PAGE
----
Schwarzschild radius


The Schwarzschild radius (sometimes historically referred to as the gravitational radius) is the radius of a sphere such that, if all the mass of an object is compressed within that sphere, the escape speed from the surface of the sphere would equal the speed of light. An example of an object smaller than its Schwarzschild radius is a black hole. The Schwarzschild radius is proportional to the mass with a proportionality constant involving the gravitational constant and the speed of light.

Karl Schwarzschild

Karl Schwarzschild was born in Frankfurt am Main to Jewish parents. His father was active in the business community of the city, and the family had ancestors in the city dating back to the sixteenth century. Karl attended a Jewish primary school until 11 years of age. He was something of a child prodigy, having two papers on binary orbits (celestial mechanics) published before he was sixteen. He studied at Strasbourg and Munich, obtaining his doctorate in 1896 for a work on Henri Poincaré's theories.

From 1901 until 1909 he was a professor at the prestigious institute at Göttingen, where he had the opportunity to work with some significant figures, including David Hilbert and Hermann Minkowski. Schwarzschild became the director of the observatory in Göttingen. He married Else Rosenbach, the daughter of a professor of surgery at Göttingen, in 1909, and later that year moved to Potsdam, where he took up the post of director of the Astrophysical Observatory. This was then the most prestigious post available for an astronomer in Germany. He and Else had three children, Agathe, Martin (who went on to become a professor of astronomy at Princeton University), and Alfred.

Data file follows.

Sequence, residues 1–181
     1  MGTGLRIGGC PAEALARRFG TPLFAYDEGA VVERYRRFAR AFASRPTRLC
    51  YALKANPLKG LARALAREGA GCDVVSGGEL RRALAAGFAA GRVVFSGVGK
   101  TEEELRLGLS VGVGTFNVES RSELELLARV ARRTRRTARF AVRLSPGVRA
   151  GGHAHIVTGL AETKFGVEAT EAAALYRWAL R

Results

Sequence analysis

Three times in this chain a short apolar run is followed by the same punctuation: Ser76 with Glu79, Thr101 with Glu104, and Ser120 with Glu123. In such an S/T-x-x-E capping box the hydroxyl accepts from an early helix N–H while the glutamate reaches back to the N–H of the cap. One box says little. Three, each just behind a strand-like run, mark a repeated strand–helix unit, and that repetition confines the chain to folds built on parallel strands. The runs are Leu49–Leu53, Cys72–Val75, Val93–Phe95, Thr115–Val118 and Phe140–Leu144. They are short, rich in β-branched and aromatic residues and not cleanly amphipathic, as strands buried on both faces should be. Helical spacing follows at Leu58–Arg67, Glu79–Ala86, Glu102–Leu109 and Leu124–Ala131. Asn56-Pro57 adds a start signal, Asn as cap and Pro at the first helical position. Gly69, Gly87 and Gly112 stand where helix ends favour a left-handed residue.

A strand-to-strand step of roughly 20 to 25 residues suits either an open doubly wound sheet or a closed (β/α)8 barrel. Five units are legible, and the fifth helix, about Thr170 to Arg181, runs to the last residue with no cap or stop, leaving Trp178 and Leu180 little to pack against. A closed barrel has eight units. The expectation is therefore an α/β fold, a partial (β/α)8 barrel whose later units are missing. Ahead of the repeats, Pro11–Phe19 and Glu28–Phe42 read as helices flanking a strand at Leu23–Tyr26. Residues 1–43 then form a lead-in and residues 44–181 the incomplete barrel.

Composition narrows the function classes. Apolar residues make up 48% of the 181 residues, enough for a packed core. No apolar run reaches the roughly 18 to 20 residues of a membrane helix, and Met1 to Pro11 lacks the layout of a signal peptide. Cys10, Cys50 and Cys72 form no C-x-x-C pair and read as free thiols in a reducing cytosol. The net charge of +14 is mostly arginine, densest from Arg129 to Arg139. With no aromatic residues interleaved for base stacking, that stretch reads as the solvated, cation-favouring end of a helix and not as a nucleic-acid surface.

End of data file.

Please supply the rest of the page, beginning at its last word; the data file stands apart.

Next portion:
At the outbreak of World War I in 1914 he joined the German army, despite being over 40 years old. He served on both the western and eastern fronts, rising to the rank of lieutenant in the artillery.

While serving on the front in Russia in 1915, he began to suffer from a rare and painful autoimmune skin disease called pemphigus. Nevertheless, he managed to write three outstanding papers, two on the theory of relativity and one on quantum theory. His papers on relativity produced the first exact solutions to the Einstein field equations, and a minor modification of these results gives the well-known solution that now bears his name — the Schwarzschild metric.

Schwarzschild’s struggle with pemphigus may have eventually led to his death on 11 May 1916.

Related formulas


rsThe Schwarzschild radius (m)
GNewtonian constant of gravitation
MThe mass of the body (kg)
cSpeed of light